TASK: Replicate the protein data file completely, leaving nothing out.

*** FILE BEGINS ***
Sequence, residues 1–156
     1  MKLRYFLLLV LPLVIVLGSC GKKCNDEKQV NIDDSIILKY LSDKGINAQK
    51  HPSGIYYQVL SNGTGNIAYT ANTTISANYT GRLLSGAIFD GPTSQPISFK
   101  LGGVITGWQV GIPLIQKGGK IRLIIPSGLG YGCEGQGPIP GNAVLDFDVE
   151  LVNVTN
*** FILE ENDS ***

Sequence, residues 1–156
     1  MKLRYFLLLV LPLVIVLGSC GKKCNDEKQV NIDDSIILKY LSDKGINAQK
    51  HPSGIYYQVL SNGTGNIAYT ANTTISANYT GRLLSGAIFD GPTSQPISFK
   101  LGGVITGWQV GIPLIQKGGK IRLIIPSGLG YGCEGQGPIP GNAVLDFDVE
   151  LVNVTN